There is a 1500 W Worx and a 1500 Challenge. One at 70 one at 50.
Ordinarily I'd go for the 70 quid one but the 50 seems to pack more bits (in the form of bells and whistles too.)
As they are both 240 volt, my uses for it might be limited but I am damned if I am going to get a 110 v for two or three times the price and have to lug a 20 lb transformer around with it too.
Anyone know of anything similar for less?
B and q have a router and table for sub 50 quid, looks ok to me
Mrcheerful
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I see that 'Aldi' stores are selling a 1050W route for 19.99, with a dozen cutters, from Thgursday 4 October. Cheap and cheerful, no doubt, but may be all that's needed for some jobs.
Weatherlawyer wrote:

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On 2 Oct 2006 22:16:04 -0700 Weatherlawyer wrote :

I've just bought the Worx but haven't had a chance to try it out yet but it seems pretty solid and well made.
Which Magazine's view (summary here) was that it was not the best on test but good value at its price point. I will be using mine mainly outside so the poor dust extraction is not an issue
http://www.which.co.uk/reports_and_campaigns/house_and_home/Reports/home_improvement/diy_tools/Routers/pp_excel_546_84054.jsp
But for someone who is going to use a router every day and for indoor work like kitchen fitting I would not disagree with Andy's view that you need to spend more.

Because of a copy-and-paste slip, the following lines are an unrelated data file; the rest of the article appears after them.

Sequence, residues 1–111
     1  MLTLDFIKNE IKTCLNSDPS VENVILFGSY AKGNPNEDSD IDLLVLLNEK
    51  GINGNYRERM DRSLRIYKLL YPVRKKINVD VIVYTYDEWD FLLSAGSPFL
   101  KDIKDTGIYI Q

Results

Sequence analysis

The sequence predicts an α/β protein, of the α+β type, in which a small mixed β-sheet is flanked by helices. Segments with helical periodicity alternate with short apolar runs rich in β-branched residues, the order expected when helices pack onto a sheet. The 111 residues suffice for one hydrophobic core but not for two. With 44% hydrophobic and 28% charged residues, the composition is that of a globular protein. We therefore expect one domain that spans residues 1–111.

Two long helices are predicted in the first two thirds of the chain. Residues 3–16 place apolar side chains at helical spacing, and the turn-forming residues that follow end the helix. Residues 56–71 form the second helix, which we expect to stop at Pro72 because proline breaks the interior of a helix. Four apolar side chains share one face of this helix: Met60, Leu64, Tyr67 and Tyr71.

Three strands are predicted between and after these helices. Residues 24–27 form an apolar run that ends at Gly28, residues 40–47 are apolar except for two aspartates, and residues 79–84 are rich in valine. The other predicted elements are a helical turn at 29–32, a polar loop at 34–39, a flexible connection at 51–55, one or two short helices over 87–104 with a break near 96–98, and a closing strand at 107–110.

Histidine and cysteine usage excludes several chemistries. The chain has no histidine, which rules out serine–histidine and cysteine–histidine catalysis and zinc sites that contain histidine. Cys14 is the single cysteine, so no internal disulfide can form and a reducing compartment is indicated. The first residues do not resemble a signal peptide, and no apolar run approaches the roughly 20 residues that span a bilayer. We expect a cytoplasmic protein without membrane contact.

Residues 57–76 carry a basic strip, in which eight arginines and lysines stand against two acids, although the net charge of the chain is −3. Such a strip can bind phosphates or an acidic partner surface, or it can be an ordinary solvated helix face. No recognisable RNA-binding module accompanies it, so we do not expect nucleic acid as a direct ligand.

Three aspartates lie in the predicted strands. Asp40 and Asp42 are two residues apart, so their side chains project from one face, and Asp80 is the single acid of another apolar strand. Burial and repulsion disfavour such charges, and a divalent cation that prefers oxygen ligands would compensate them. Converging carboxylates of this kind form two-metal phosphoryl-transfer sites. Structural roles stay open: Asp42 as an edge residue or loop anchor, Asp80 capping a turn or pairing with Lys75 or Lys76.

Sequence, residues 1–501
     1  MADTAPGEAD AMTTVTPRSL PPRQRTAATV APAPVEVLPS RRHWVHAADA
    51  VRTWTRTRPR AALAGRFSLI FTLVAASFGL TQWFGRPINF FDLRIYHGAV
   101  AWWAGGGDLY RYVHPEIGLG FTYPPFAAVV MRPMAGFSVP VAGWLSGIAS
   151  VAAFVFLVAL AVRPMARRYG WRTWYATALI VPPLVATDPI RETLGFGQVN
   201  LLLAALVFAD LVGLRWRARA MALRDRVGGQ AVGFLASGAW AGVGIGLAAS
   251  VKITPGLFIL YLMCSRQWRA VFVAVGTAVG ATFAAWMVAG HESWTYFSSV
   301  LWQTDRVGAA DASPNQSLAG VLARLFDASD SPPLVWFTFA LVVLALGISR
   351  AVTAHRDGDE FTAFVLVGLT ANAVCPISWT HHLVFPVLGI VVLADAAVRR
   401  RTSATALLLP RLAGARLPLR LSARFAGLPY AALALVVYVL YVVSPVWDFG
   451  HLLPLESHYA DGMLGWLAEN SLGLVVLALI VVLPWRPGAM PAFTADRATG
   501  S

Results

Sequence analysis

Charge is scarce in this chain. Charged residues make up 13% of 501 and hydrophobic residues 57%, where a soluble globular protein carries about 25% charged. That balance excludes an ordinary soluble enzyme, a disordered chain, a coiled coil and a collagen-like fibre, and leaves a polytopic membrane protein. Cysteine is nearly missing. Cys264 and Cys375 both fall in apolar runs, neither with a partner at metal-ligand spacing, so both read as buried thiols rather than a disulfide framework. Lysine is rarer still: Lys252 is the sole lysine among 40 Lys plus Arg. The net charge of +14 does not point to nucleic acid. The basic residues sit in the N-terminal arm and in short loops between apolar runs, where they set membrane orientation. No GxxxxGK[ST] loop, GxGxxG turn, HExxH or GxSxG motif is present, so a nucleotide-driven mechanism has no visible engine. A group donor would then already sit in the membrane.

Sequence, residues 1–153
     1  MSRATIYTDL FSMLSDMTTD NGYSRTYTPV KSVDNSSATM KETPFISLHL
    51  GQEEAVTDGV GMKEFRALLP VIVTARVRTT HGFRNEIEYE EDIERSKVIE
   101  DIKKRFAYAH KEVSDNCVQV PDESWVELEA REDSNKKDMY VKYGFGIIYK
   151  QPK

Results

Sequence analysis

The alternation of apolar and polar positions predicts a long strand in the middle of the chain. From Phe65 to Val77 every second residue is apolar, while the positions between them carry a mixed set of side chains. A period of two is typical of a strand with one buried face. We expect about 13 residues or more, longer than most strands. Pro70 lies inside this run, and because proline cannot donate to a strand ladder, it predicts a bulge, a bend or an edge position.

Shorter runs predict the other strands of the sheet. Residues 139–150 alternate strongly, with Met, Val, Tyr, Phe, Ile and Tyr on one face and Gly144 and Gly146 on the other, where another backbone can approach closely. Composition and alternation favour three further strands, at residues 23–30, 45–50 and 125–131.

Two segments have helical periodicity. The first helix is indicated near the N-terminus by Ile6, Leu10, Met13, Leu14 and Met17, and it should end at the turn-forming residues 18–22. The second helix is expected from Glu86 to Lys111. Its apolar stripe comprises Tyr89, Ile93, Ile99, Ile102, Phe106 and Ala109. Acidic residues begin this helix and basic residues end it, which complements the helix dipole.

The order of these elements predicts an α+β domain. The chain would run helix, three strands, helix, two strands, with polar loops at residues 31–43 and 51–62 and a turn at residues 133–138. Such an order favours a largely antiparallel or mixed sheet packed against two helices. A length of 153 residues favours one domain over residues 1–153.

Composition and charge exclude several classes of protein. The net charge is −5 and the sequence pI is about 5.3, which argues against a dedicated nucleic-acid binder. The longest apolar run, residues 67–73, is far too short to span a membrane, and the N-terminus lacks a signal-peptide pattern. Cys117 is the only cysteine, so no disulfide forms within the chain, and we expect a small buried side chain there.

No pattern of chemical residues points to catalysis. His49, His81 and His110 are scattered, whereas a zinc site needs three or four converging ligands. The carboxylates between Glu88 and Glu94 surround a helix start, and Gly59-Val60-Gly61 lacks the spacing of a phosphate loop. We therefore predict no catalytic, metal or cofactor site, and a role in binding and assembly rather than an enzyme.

--
Tony Bryer SDA UK 'Software to build on' http://www.sda.co.uk


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Tony Bryer wrote:

On the other hand I bought a router jig on Saturday from Machine mart for 90. I wanted the Trend one at 170 odd but there were none available off the shelf.
Monday I was puzzling how to set it up and it slid off the door to the ground some 36 inches away and shattered like the plastic piece of czjd it was.
So I made a jig out of a piece of 3 x 1 for naught and it is every bit as serviceable as the Trend. And I have saved 170 pounds and more.
So how much can a router be worth in those terms? Even an "expensive" one is dirt cheap. So why not buy a dirt cheap one?
The trade in 110 v routers is set up as the last of the gouges for the tool shops and the sooner they go to the wall, as far as I am concerned, the better. I will not mourn them any more than I mourn Leyland or Rover.
If they can't produce decent tack cheaper than someone who has to cope with export and importation problems then drop, them say I.